From a priest and canon lawyer who has asked for anonymity:

Aquinas and Bellarmine indicate not only that it can be permissible, if a pope’s words or actions pose an “imminent danger of scandal concerning the faith,” to publicly rebuke him, but that this can even be a duty.

Aquinas, for example, teaches:

“…if the faith were endangered, a subject ought to rebuke his prelate even publicly. Hence Paul, who was Peter’s subject, rebuked him in public, on account of the imminent danger of scandal concerning the faith, and, as the gloss of Augustine says on Gal. 2:11, Peter gave an example to superiors, that if at any time they should happen to stray from the straight path, they should not disdain to be reproved by their subjects.” [II-II Q. 33, art. IV. ]


Dr. John Lamont, Dr. phil.

Philosopher, Theologian, and Author

I of course fully support Professor Josef Seifert in his statements about Amoris Laetitia and denounce the injustice of his being forced into retirement by the Archbishop of Granada, and you are free to quote me on this if you wish. I think he should proceed canonically against the Archdiocese for this action, and take the case to the civil law if that is feasible.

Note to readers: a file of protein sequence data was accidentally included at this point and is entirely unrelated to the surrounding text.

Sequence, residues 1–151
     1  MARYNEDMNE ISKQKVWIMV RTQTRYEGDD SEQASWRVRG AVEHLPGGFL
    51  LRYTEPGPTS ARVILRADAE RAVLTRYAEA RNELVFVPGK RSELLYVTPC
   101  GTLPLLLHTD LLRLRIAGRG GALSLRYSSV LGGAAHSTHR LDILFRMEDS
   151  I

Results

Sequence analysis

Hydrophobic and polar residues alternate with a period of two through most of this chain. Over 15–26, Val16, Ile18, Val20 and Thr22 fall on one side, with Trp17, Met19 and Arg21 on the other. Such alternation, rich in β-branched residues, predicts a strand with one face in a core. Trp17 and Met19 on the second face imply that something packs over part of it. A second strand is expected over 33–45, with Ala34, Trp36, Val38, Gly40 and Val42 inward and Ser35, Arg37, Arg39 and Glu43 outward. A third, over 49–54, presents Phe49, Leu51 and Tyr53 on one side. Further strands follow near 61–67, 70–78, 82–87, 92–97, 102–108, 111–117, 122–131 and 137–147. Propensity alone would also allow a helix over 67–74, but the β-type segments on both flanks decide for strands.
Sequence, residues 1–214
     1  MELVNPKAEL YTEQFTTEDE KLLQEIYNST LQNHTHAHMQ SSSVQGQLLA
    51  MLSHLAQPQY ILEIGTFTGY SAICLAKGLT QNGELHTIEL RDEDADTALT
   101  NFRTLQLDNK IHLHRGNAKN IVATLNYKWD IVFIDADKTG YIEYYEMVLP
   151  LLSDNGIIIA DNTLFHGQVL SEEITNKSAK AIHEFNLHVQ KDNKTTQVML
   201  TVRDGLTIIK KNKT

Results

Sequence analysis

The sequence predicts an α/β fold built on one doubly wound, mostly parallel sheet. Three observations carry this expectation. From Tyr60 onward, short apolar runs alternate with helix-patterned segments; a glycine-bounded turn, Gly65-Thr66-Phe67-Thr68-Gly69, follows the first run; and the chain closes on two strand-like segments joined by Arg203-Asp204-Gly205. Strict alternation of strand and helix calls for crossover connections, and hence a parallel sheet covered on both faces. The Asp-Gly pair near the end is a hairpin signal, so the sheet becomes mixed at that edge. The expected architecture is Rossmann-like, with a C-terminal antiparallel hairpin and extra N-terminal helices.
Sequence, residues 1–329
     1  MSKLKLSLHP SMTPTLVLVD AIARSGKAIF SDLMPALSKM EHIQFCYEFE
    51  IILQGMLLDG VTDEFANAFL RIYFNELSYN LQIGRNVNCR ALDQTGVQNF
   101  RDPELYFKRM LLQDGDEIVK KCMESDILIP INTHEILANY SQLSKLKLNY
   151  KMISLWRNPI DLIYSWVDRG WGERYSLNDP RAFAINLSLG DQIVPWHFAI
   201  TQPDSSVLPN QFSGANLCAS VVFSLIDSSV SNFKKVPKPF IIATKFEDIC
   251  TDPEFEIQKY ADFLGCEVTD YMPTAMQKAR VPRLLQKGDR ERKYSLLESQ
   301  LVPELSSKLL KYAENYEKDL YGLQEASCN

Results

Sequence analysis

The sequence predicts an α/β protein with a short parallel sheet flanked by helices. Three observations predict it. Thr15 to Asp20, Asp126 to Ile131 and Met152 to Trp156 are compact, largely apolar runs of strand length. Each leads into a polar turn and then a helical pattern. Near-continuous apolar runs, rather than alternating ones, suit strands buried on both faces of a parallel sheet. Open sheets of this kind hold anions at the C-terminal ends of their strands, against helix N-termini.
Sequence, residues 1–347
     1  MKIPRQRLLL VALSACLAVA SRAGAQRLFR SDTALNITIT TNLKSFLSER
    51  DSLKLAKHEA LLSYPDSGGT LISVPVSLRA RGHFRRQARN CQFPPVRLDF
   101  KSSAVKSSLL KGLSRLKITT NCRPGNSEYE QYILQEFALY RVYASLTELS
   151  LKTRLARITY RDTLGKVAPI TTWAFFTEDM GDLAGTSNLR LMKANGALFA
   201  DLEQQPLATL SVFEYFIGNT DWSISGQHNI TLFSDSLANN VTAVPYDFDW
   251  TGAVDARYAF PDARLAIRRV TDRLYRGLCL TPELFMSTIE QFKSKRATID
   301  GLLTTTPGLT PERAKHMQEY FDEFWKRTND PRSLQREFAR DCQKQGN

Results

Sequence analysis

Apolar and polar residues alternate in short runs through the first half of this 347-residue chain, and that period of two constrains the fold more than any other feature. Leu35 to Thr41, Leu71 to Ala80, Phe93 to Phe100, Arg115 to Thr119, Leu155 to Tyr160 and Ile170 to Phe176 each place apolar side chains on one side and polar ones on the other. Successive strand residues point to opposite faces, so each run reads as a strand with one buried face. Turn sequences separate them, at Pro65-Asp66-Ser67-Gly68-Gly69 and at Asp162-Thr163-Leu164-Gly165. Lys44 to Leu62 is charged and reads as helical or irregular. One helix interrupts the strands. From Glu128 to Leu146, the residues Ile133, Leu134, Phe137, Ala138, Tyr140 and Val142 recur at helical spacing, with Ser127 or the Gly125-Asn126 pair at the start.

John M. Haas, Ph.D., S.T.L., M.Div., K.M.


International Institute for Culture

Philadelphia, PA

Professor Josef Seifert has been a friend and colleague for decades. I would regularly have him lecture at Workshops in Bavaria on the relationship between faith and culture organized by my Institute. He is a creative thinker with a keen philosophical mind who has always been solidly orthodox with an unwavering commitment to magisterial teaching and the received traditions of the Catholic Church. Many Catholic scholars, including members of the Pontifical Academy for Life, have received advanced degrees from his philosophical academy. May his service to the Church continue.



Mathias von Gersdorff

Pro-Life Activist, Journalist, and Author, Germany

The punitive measure taken by the Archbishop of Granada concerning Professor Josef Seifert is truly “a preferential option for irrationality.” The worldwide renowned philosopher has merely raised – in a respectful manner – a question concerning a passage of the Apostolic Exhortation Amoris Laetitia. He did so by strictly remaining in the field of logic – one of his fields of expertise, and not in the field of theology. With an utmost sense of tact, he raises the question as to whether the said passage in the Apostolic Exhortation – possibly because of a lapse and not with the explicit will of the pope – really wants to claim that, if there are cases where God offers the way of adultery as the only and best solution, this would also apply to the act of stealing, the act of murder, etc.